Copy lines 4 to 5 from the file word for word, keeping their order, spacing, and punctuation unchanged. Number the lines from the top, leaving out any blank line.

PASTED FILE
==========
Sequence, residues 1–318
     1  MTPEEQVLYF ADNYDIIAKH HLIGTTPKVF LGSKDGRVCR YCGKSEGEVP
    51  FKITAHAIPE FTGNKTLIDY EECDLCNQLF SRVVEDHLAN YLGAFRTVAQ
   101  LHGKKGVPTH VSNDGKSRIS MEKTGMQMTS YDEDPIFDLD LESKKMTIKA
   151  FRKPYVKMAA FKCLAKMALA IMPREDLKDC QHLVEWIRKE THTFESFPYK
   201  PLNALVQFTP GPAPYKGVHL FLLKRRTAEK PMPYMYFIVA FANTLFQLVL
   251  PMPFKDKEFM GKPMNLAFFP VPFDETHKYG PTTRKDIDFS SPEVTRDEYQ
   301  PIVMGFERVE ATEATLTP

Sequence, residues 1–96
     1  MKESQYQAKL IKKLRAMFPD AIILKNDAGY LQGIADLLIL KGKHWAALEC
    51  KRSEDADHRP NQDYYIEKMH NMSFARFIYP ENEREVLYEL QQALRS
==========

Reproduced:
   101  LHGKKGVPTH VSNDGKSRIS MEKTGMQMTS YDEDPIFDLD LESKKMTIKA
   151  FRKPYVKMAA FKCLAKMALA IMPREDLKDC QHLVEWIRKE THTFESFPYK